Dr. Faqeer Muhammad
Faculty of Colony, Karakoram International University, Gilgit, Pakistan

Biography: Dr. Faqeer Muhammad is currently Head of Department of Economics and Acting Director of Center of Research on CPEC at Karakoram International University, Gilgit-Baltistan. He has 14 years of teaching and research experience at Public University in Pakistan. He taught various subjects like Econometrics, Sustainable Rural Development, Micro & Macroeconomics, data analysis techniques and Development Economics at undergraduate and graduate level. In addition, he has a diverse educational background from Pakistan, Sweden and China. His areas of research interests are trade, tourism, financial development and energy.

Topic: China Pakistan Economic Corridor and Local Economy: The Mediating Role of Tourism Development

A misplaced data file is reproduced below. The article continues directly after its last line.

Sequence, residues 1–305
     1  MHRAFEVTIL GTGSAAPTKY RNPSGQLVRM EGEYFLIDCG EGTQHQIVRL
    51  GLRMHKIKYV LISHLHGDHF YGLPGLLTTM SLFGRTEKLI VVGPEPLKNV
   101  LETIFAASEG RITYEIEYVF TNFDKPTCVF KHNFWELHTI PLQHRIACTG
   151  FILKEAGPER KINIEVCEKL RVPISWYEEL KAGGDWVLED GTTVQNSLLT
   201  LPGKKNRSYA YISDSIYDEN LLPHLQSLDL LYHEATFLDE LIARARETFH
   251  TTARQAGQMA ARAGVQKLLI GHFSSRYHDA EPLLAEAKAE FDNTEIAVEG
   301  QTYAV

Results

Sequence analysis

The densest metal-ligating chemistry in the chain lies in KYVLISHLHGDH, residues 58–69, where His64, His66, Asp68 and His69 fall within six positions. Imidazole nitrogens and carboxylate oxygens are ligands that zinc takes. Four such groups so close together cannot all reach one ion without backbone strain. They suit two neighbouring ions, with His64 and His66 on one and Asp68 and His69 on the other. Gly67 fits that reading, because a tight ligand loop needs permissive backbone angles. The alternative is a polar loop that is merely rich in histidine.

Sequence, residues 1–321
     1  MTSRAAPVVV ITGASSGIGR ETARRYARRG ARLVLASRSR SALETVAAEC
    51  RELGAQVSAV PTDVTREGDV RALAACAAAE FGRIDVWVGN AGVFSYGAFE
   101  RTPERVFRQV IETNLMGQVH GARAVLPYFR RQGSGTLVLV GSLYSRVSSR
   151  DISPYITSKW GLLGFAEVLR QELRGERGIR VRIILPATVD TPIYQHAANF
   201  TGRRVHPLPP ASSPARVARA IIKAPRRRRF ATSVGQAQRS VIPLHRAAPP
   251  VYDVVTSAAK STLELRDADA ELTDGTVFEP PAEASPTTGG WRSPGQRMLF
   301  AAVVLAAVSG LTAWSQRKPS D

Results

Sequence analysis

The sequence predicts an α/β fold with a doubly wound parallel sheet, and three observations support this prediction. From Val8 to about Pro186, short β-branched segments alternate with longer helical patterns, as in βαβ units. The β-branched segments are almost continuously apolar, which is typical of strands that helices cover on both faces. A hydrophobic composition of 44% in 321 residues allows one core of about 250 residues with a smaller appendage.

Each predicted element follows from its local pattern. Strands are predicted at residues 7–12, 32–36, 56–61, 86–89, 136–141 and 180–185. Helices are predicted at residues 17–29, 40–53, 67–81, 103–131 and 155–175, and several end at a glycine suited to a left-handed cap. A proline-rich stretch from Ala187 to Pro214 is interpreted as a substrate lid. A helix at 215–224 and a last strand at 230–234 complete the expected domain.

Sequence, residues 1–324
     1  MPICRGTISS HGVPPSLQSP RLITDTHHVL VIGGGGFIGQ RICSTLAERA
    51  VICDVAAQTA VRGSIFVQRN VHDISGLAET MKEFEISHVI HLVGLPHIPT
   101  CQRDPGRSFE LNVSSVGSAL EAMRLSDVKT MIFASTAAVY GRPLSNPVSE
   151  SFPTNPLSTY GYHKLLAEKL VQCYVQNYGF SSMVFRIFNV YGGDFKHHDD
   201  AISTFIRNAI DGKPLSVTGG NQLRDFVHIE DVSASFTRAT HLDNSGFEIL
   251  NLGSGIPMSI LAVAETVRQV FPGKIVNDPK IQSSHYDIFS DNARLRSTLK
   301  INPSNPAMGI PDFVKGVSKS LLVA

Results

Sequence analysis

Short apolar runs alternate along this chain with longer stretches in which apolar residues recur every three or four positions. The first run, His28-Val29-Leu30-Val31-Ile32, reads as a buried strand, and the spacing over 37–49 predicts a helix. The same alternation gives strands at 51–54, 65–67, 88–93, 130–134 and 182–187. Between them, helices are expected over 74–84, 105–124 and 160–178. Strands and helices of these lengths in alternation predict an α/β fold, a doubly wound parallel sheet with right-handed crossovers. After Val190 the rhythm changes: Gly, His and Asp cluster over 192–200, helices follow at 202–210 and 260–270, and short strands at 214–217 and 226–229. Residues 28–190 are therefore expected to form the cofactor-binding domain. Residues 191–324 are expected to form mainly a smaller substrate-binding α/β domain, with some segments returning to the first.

Abstract: China Pakistan Economic Corridor (CPEC) is considered as “a game changer” for Pakistan, which is expected to bring revolution in all sectors of economy. Geographically, Gilgit – Baltistan is the gateway of CPEC, and recent huge inflow of domestic tourists to Gilgit-Baltistan is owing to expansion of KKH under one-belt one-road initiatives. Majority of the earlier studies on CPEC are at broader level focusing on its effects on economy, and its geo political and geo strategic importance for China and Pakistan. However, limited or lack of studies available on focusing the perception of people living on the gateway and along the main routes of CEPC. Therefore, this research aimed to analyze the mediating role of tourism in affecting the local economy of Hunza. This research proposed Structural Equation Modelling for exploring the local people perception on CEPC projects and its effect on economy tourism development. In addition, descriptive statics tools have been used for data analysis. Before analyzing the data, Alpha Chronbha test is used to check the reliability of the various items of the questionnaire .The data is collected from locals, students, hotel owners and people related to various businesses. Lastly, the data analysis is carried out in SPSS and STATA. The results of Alpha Chronbha test shows that the given components are reliable. On the other hand, the outcomes of the Structural Equation Modelling (SEM) has shown that according to perception of the people “CEPC is a game changer for economy”. In addition, the significant effect of CEPC projects on the tourism development in Hunza. However, the results of the study have also revealed that CPEC projects has negative effects on environment and local culture according to perception of local people. No doubt, CPEC is a “Game Changer for economy”. However, to address the issues related to environment both countries i.e. China and Pakistan should focused on the sustainability of the various projects. In addition, majority of the people living along the CEPC routes are facing severe economic issues i.e. poverty and unemployment. Therefore, the policy makers should design such projects, which improve the living standards of the people and create sense of ownership among the people.